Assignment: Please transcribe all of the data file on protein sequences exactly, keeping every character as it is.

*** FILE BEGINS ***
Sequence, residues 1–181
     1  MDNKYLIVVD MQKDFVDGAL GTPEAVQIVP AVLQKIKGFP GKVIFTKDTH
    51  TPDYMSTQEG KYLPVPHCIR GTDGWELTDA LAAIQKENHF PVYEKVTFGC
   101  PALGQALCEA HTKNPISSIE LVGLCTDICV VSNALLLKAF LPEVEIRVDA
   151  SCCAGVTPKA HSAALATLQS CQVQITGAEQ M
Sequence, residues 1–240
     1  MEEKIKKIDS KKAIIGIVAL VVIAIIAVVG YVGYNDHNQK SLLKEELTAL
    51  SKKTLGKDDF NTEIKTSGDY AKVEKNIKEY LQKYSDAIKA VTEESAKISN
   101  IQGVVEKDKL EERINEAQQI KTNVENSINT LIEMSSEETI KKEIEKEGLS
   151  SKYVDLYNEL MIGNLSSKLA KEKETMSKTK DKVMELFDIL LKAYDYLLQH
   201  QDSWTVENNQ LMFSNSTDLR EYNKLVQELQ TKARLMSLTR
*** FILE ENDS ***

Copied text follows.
Sequence, residues 1–181
     1  MDNKYLIVVD MQKDFVDGAL GTPEAVQIVP AVLQKIKGFP GKVIFTKDTH
    51  TPDYMSTQEG KYLPVPHCIR GTDGWELTDA LAAIQKENHF PVYEKVTFGC
   101  PALGQALCEA HTKNPISSIE LVGLCTDICV VSNALLLKAF LPEVEIRVDA
   151  SCCAGVTPKA HSAALATLQS CQVQITGAEQ M
Sequence, residues 1–240
     1  MEEKIKKIDS KKAIIGIVAL VVIAIIAVVG YVGYNDHNQK SLLKEELTAL
    51  SKKTLGKDDF NTEIKTSGDY AKVEKNIKEY LQKYSDAIKA VTEESAKISN
   101  IQGVVEKDKL EERINEAQQI KTNVENSINT LIEMSSEETI KKEIEKEGLS
   151  SKYVDLYNEL MIGNLSSKLA KEKETMSKTK DKVMELFDIL LKAYDYLLQH
   201  QDSWTVENNQ LMFSNSTDLR EYNKLVQELQ TKARLMSLTR